Responding to Wilcox #5: When Is a Human a Human Being?

Responding to Wilcox #5: When Is a Human a Human Being? May 12, 2020

This is the fifth piece in series debating Clinton Wilcox at the Life Training Institute (a pro-life organisation) with the following chronology:

JP: Abortion: The Human/Human Being Distinction

CW: About the Alleged Human/Human Being Distinction

CW: About the Alleged Human/Human Being Distinction, Part 2

JP: Pro-Life Debate: Answering Criticisms on the Human/Human Being Distinction

JP: Responding to Wilcox #2: “An Embryo Is an Innocent Human Being”

JP: Responding to Wilcox #3: Human, Humans, Human Beings, the Sorites Paradox & Identity

JP: Responding to Wilcox #4: Eggs & Chickens, Acorns & Oaks, Embryos & Humans

This piece is arguably the most important so far, which is what I said last time, because it is where the whole human being debate ends up if you follow the axiomatic premises of my philosophy. I may even finish the series with this one because, once said, everything else defers to this. It’s fundamental, this one.

This is what Wilcox said in his initial rebuttal:

“Blastocyst” doesn’t meet the dictionary definition of “human being”. But neither does “infant”, so by Pearce’s own definition, an infant is not a human. Although, Pearce glosses over the part about how a human being is a child of the species Homo sapiens, focusing on the part about how humans differ from other animals and arguing blastocysts are not humans because they don’t meet the specific requirements about how humans differ from other animals.

Okay, this is where things get fuzzy, and humans do not like fuzzy. Let’s start with what Christians typically believe. It will be something like this:

  1. A human fertilised egg has the rights of an adult because it is a human and human being. This is due to it having the essential properties of a human, i.e., essentialism.
  2. At fertilization, the zygote somehow develops personhood, whatever this may entail.
  3. A human egg is fertilised and is then “magically” ensouled. At this point, a zygote somehow embodies, or has attached to it, a soul.
  4. All or some of the above in combination.

I have presented, over time, many arguments against these positions. For example, the ensoulment claim suffers from arguments from IVF and monozygotic twins, which can develop weeks after an ovum becomes fertilised. For any given IVF treatment implantation, there are often some dozen or so fertilised eggs in vitro. Where are the souls? And when a zygote splits weeks after supposed ensoulment into two, what happens?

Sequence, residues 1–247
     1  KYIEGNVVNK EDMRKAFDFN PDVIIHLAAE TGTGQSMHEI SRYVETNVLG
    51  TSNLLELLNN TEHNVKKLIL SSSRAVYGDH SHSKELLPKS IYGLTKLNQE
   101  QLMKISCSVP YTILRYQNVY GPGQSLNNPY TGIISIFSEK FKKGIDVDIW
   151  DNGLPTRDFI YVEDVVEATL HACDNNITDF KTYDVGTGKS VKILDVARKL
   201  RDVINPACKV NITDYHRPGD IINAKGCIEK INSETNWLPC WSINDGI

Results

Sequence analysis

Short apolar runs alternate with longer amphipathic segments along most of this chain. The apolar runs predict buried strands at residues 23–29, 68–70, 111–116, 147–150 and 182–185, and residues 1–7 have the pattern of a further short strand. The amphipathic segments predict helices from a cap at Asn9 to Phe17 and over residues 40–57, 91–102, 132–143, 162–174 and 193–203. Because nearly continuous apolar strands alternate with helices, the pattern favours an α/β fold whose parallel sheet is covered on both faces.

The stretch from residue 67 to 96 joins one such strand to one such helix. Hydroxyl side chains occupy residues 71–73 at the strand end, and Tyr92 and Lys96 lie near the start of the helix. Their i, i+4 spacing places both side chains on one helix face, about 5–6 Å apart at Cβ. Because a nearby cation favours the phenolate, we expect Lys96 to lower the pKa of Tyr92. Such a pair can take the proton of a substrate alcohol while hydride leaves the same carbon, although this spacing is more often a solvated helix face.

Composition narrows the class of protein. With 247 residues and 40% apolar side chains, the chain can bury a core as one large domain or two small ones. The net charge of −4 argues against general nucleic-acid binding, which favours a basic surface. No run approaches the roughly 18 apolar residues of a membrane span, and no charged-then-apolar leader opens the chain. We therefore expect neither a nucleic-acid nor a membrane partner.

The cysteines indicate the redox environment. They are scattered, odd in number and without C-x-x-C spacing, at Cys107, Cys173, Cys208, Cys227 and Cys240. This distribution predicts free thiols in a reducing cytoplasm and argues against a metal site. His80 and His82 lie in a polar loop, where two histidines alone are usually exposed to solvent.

So on and so forth. There are other arguments, not least a demand for the evidence for this, and the mind-body causality issue. See:

As for essentialism, I will be dealing with this next, but these may be of interest:

Essentialism

Essentialism essentially (intended…) is a form of realism that states that there are properties about a human that are necessarily attributed to an entity. In this case “human being” is a very real concept that exists outside of human minds and this entity necessarily and absolutely has a core set of properties that allow it to be identified as “human being” (or “human”). I’m going to have to cover some old ground again here.

Firstly, a “human being” as a distinct entity sits on a foundation of the notion that a “human”, qua “homo sapiens”, is a distinct species.

Categorising stuff

We love to use categories. That’s a blue flower, that’s a red car, that’s an adult, that’s a child. It’s how we navigate reality in a practical sense – it provides our conceptual map. However, you shouldn’t confuse the map with the terrain. Essentially (there it is again), we make up labels to represent a number of different properties. A cat has these properties, a dog these. Red has these properties, blue these. Often we agree on this labelling, but sometimes we don’t. What constitutes a hero? A chair? Is a tree stump a chair?

The problem occurs when we move between categories. It is at these times that we realise the simplicity of the categories shows weakness in the system.

You reach eighteen years of age. You are able to vote. You are now classed as an adult. You are allowed to buy alcoholic drinks (in the UK). But there is barely any discernible difference in you, as a person, physically and mentally, from 17 years, 364 days, 11 hours, 59 minutes, 59 seconds, and you 1 second later.

However, we decide to define that second change at midnight as differentiating the two yous and seeing you move from child (adolescent) to adult. These categories are arbitrary in where we exactly draw the line. Some countries choose sixteen, some younger, some older. These are conceptual constructs that allow us to navigate about a continuum of time. You can look at a five-year-old and the same person at twenty-eight and clearly see a difference. But that five-year-old and the same person one second later? There is no discernible difference.